Regarding "Where Is the Ms. in Maestro?" [Style, July 19]: Among the five female conductors Tim Page cited, three held conducting positions in Denver. Marin Alsop is conductor emerita of the Colorado Symphony. JoAnn Falletta was the popular conductor of the Denver Chamber Orchestra. Antonia Brico was a guest conductor of what was then the Denver Symphony Orchestra -- and permanent conductor of the Brico Symphony, a community ensemble. Among her Denver proteges was folksinger and composer Judy Collins.

Maybe the message here for female conductors is: "Go west, young woman."



The writer is former executive director of the Denver Chamber Orchestra.


As a reader from the Hagerstown area, I wish Tim Page had mentioned the Maryland Symphony's enthusiastic experience with conductor Elizabeth Schulze, who has led that orchestra since 1999. Chosen to succeed Barry Tuckwell after a national search and a year of trial performances for finalists, she was the unanimous choice of the players, the board and the audience. She has more than fulfilled high expectations -- brilliant programming, musicianship and a commanding stage presence, among other qualities.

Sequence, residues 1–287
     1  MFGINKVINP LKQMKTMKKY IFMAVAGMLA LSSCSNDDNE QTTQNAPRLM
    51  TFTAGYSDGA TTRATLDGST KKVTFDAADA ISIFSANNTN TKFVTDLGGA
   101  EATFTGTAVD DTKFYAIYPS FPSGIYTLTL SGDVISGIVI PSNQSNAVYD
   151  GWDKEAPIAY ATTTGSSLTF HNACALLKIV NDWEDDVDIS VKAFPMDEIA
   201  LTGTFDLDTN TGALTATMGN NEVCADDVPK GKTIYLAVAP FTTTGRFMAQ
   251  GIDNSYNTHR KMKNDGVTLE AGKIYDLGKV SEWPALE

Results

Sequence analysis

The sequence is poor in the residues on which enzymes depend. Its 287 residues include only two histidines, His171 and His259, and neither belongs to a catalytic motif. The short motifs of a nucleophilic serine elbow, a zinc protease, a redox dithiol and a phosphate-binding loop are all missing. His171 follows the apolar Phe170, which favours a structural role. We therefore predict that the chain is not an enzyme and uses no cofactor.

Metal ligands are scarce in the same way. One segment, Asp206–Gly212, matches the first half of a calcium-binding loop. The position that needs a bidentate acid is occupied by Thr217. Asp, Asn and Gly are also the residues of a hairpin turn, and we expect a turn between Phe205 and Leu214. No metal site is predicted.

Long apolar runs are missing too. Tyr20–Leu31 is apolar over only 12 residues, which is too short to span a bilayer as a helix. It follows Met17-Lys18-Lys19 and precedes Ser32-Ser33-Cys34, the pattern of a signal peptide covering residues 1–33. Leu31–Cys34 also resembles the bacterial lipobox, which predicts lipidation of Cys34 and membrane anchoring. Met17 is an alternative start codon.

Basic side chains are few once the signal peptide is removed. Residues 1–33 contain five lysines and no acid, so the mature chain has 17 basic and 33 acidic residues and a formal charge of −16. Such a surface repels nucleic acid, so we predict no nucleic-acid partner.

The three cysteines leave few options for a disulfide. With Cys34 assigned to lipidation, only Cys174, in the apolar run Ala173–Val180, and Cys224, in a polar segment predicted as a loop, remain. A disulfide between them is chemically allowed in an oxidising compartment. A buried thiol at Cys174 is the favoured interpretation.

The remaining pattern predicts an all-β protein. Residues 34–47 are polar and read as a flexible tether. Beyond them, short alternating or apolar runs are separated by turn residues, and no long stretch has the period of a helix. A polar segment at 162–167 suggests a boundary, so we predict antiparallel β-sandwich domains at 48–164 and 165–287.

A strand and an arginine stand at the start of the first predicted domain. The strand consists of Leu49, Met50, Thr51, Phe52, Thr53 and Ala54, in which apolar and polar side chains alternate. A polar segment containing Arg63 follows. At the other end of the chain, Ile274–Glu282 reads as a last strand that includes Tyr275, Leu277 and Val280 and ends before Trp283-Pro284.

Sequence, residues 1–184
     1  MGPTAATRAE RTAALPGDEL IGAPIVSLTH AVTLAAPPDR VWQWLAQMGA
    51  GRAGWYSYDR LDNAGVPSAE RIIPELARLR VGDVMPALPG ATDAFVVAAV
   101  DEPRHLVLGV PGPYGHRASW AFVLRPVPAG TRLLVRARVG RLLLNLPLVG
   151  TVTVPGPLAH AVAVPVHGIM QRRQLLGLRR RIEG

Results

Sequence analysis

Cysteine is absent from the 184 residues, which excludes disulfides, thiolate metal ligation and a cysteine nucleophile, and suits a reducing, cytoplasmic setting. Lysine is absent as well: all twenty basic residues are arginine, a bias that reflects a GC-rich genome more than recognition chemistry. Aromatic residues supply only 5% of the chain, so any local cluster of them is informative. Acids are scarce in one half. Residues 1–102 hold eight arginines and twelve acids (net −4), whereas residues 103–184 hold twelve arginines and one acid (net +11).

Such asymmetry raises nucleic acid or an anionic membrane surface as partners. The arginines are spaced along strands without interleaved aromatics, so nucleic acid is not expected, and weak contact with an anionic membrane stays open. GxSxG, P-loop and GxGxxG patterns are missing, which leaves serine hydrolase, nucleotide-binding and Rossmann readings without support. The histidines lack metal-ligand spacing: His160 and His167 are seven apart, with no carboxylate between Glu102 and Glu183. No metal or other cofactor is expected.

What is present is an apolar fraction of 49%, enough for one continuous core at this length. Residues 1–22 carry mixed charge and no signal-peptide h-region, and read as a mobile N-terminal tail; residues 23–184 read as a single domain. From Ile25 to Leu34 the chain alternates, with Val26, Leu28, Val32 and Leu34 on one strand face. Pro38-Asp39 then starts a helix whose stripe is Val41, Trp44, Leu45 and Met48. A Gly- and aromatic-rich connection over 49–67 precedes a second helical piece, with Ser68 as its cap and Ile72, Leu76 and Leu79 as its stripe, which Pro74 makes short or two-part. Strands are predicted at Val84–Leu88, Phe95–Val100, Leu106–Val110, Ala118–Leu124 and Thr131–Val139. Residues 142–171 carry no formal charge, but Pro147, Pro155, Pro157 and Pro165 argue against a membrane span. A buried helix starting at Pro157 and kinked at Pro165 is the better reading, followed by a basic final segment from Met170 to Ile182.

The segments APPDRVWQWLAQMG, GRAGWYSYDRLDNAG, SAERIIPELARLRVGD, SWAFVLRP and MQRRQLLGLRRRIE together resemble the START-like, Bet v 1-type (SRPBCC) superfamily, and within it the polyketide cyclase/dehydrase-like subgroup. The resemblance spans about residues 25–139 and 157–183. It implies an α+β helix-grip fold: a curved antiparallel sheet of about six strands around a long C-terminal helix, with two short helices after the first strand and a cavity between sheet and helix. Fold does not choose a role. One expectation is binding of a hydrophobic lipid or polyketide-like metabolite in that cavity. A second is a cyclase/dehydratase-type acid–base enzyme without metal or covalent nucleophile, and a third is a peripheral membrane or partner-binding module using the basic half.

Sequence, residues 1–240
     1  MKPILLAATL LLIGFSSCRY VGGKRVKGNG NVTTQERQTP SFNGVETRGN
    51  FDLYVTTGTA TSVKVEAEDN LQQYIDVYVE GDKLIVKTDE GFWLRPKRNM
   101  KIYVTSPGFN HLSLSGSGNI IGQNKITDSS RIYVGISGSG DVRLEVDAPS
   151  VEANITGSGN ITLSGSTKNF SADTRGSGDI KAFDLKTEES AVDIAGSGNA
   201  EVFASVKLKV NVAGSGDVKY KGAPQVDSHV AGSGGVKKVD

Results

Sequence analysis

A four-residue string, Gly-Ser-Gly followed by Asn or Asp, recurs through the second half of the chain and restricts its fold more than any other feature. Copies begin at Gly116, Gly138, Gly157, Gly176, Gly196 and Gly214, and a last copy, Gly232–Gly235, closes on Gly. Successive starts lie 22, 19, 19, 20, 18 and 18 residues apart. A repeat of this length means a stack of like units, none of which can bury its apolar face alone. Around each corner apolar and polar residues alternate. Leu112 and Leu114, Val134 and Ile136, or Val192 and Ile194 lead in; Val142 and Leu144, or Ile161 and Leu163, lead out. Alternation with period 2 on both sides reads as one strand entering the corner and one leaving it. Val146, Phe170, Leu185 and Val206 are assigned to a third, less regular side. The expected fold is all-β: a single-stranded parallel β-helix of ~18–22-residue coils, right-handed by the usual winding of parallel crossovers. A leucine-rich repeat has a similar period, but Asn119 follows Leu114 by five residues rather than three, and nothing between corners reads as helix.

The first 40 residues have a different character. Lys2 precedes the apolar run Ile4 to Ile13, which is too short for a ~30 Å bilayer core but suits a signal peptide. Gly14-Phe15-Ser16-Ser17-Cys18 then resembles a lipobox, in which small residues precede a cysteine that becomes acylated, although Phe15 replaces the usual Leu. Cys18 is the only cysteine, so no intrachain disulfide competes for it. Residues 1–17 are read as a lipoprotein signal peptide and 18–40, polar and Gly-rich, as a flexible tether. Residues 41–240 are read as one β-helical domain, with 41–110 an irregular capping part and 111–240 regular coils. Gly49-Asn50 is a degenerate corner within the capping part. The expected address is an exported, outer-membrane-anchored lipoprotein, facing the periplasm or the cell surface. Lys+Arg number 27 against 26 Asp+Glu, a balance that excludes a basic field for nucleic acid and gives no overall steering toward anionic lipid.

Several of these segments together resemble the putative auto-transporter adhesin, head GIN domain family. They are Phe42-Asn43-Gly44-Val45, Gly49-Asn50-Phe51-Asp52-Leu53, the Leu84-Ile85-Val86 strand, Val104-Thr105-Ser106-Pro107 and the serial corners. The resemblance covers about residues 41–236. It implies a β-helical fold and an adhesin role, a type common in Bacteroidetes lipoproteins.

The article, of course, focused on "leading orchestras," but a number of marvelous women are on the cusp of the big time and getting closer every year.


Chambersburg, Pa.


The assertion that Marin Alsop would be the first woman to run a major orchestra ["Musicians Balk at Choice of Baltimore Conductor; Woman Would Be First to Lead Major Orchestra," front page, July 18] may find dissenters among classical music lovers. Ms. Alsop's own Bournemouth Symphony is a renowned orchestra that has performed in Washington and around the world.

In this country, the Buffalo Philharmonic, the Santa Barbara Symphony and the Dallas Symphony all have or have had female conductors. And let's not forget the legendary Sarah Caldwell, who not only founded the Boston Opera, but was its musical conductor and artistic director.